We have developed a series of FAQs to summarise the situation for IP protection in the UK and Europe after Brexit.
1) “What is Brexit?”
In June 2016, a referendum was held in which the electorate decided that the UK should leave the European Union (EU). In March 2017, the UK government sent formal notification to the EU of its intention to withdraw from the organisation, beginning a process of negotiation, with the UK not expected to leave the EU before March 2019 at the earliest.
2) “Has the UK left the European Union?”
No, at present the UK is still part of the EU. We are currently in a 2 year negotiating period during which the framework of the future relationship between the UK and the EU is being discussed, currently due to expire in March 2019. However, both the UK and EU have indicated that they favour a further transition period until at least the end of 2020, during which EU law will still apply in the UK. An announcement on the transition period is expected later in 2018.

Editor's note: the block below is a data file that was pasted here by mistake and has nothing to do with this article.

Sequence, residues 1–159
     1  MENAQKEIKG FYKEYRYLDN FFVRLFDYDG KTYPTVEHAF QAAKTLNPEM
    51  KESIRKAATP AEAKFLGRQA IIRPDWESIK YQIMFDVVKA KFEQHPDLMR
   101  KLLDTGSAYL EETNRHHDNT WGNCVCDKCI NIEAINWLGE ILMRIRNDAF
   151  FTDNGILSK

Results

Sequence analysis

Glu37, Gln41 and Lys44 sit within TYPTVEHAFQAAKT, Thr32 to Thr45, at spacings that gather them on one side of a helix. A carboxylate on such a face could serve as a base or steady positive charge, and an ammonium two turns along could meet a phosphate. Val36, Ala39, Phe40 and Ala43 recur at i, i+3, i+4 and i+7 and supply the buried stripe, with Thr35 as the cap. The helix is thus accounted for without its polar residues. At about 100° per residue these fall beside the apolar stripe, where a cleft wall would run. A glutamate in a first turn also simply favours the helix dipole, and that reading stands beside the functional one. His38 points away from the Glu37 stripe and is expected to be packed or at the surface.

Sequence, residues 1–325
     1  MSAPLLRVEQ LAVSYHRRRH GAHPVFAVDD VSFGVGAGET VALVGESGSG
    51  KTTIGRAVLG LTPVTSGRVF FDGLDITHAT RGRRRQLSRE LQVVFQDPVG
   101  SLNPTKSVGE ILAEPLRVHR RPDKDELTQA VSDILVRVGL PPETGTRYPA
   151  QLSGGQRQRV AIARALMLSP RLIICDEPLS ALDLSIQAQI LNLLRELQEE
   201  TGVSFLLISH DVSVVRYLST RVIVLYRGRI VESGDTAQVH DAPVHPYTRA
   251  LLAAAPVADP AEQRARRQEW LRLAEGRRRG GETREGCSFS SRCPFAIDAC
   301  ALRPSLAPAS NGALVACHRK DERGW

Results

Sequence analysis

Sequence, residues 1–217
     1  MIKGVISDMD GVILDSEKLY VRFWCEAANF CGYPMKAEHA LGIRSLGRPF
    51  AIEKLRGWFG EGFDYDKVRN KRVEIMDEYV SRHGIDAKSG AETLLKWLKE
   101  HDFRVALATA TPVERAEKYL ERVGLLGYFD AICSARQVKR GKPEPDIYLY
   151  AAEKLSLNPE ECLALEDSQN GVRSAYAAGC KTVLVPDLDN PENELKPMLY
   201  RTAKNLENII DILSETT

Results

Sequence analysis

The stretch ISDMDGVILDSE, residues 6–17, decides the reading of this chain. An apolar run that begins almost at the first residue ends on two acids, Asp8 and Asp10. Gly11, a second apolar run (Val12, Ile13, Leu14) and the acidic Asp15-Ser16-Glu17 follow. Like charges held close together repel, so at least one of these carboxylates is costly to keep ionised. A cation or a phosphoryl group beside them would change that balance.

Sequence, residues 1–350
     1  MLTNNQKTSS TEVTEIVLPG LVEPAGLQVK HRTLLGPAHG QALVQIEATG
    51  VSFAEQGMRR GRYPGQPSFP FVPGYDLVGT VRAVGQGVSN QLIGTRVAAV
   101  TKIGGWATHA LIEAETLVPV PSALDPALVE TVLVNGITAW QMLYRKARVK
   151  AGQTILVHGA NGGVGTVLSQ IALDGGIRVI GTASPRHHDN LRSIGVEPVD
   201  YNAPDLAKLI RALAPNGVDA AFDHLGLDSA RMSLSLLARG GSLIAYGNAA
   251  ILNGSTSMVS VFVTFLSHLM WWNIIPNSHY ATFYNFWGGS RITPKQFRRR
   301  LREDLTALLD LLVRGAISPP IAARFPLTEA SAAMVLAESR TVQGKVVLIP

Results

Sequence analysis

Therefore, until at least March 2019 (though likely until December 2020), the UK is still part of the EU and the existing laws and systems in respect of Intellectual Property remain unchanged.
3) “Will businesses need to re-file their patents in the UK, once the UK leaves the EU?”
No – patent protection in respect of the UK is obtained either directly through the UK Intellectual Property Office (UKIPO), or through the European Patent Office (EPO), which is not an EU institution. Therefore, the status of existing UK and European patents and pending applications will not be affected by the UK’s exit from the EU.
For future applications, it is also important to note that the existing systems for applying for patents in respect of the UK will not be affected. This means that you can continue to pursue patent protection in respect of the UK by: